By Russ Bengtson

It was Friday afternoon when the impulse hit me: I wanted a green Kevin Garnett Celtics t-shirt. Not a jersey, because I had no interest in spending $170 on something I’d probably never wear (and besides, jerseys are over, right?). A t-shirt would do. And I knew from this Boston Herald story that they were already being produced and shipped out to stores. How hard could it be?

First stop, Modell’s. There’s one over on 34th and Seventh, five or so blocks from the crib, right across the street from Macy’s and the Manhattan Mall. I dodged traffic and tourists, rode the escalator downstairs and…nothing. Lots of Yankees stuff, and plenty of clearance-priced Team USA basketball jerseys, but nothing Celtics related (unless you count the discounted rack of Larry Bird Dream Team jerseys—the only OG Dream Teamer so represented). So much for this being easy.

Instead of heading straight to the NBA Store uptown, I decided to stop in the HUGE Foot Locker around the corner on 34th (as opposed to the medium-sized Foot Locker on 34th less than a block away). It’s actually a Foot Locker, a Lady Foot Locker and Kid’s Foot Locker all in one—which I’ve never understood, really. Is there something in the word “Foot” that implies “adult male”? I didn’t think so. Anyways, came up empty there, too. The only name/number NBA t-shirts I saw were for Greg Oden and Kevin Durant—cool, but not what I came for. Next!

The walk to the NBA Store in August is a perilous one. For starters it’s ridiculously hot and humid, and for relievers it’s a 20-block walk chock-full of tourists and their spawn. Which means no shortage of unscheduled gawking stops, groups blocking off the entire sidewalk, and people actually laying down on said sidewalk to try and better capture their inner WeeGee (except without the murder). I wouldn’t lay on a New York City sidewalk unless I’d just been shot dead, and even then I’d stop to think about it first.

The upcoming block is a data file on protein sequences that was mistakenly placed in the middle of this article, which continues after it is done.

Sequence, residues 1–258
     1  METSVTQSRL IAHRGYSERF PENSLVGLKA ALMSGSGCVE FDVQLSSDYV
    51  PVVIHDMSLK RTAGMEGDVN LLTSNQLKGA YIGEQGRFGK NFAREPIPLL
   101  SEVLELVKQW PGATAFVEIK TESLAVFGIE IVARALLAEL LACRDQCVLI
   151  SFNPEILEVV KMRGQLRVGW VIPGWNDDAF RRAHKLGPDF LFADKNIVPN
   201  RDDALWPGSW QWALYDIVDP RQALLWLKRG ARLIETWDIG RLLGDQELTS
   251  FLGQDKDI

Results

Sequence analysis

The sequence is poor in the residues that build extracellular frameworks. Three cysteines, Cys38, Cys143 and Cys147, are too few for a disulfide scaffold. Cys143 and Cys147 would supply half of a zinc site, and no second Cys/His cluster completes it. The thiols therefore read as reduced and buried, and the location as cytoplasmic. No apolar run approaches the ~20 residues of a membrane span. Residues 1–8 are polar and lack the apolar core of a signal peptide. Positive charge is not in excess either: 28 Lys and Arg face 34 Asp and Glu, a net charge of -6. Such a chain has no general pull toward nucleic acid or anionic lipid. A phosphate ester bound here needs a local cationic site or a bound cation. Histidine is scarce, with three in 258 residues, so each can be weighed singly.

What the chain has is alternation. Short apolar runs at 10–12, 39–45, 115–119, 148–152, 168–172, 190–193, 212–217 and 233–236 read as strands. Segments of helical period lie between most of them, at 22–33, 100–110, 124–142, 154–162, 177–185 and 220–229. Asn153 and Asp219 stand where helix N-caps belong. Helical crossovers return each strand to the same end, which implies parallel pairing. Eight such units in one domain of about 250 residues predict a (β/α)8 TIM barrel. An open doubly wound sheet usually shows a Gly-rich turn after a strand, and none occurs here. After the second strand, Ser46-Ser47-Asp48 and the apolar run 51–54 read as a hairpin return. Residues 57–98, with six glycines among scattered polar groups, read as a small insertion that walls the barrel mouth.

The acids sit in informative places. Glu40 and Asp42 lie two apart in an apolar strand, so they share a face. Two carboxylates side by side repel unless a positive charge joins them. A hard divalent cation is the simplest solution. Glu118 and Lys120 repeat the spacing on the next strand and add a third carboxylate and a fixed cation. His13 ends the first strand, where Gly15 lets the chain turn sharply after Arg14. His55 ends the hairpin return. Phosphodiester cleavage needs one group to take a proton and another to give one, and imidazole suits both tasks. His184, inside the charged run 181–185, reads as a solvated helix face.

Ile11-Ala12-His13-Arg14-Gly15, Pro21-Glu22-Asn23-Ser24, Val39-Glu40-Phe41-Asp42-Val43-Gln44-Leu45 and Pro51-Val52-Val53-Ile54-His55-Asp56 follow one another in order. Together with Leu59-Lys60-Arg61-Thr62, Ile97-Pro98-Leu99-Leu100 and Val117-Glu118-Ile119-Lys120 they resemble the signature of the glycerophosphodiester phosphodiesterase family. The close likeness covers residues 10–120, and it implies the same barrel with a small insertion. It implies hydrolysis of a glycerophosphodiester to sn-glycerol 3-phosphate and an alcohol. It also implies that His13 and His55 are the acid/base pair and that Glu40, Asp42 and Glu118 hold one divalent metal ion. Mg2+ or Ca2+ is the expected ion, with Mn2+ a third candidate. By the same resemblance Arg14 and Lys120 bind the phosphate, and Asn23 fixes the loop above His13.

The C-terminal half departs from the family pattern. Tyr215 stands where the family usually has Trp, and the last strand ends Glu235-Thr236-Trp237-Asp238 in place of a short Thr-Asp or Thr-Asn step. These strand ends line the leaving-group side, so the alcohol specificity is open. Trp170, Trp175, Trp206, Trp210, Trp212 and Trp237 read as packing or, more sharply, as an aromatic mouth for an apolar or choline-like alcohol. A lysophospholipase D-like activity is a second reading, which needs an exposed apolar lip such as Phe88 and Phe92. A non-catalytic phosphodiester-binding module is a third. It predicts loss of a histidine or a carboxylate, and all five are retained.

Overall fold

The trip, of course, resulted in only more failure. I spied a No. 5 jersey in the Celtics’s “locker” on my way down the spiral ramp to the second level, but that was the extent of the KG merchandise. No t-shirts, no headbands, no nothing. (Well, KG Celtics merchandise, anyway. If you’ve ever wanted a KG No. 21 Wolves jersey, now might be the time.) In desperation, I even went over to check out the jerseys, but there were only three—all of the less-desirable white home variety—and the sizes were strictly Star Jones: 56-52-56. I’m a 44 at best.

Still, there was a store employee standing right there (helping out a Euroteen with a pair of Celtics shorts), and I figured it wouldn’t hurt to ask. He went to see if they had any other KG merch, and came back almost immediately. “Nope, that’s all we have,” he said, gesturing to the jerseys. “We got in 50 yesterday, and they sold out right away. We’re supposed to be getting 100 more tomorrow—if you want to come to the customer service desk I can take your name and number…” As he said this last part, he was already walking off in the presumed direction of said desk.

Whoa, hold on there, Sparky. Impulse purchases are much more fun when they’re just that. And the idea of putting my name down amongst the 30 or so who already had (lots of KG fans in NYC apparently—who knew) just for the privilege of getting a phone call and a question as to whether I was still interested just seemed like too much work.

I didn’t bother going back the next day, either. Maybe later.

***

In an unrelated note, I ran into Pacer forward Troy Murphy at 1:30 a.m. Sunday (that is, post-midnight Saturday) on the street at Astor Place (where 8th Street turns into St. Mark’s Place in the East Village) and talked to him for a little while. Let’s just say that Jermaine O’Neal isn’t the only veteran questioning the Pacers’s plans. I did not film said conversation with my cell phone—sorry.

I also realized after the fact that I confused him in my mind with Austin Croshere, so when I asked him about “change of scenery” and the like, I was talking about something more recent than his trade from Golden State to Indy. Which may have come off as confusing. So Troy, if you happen to read this, my bad.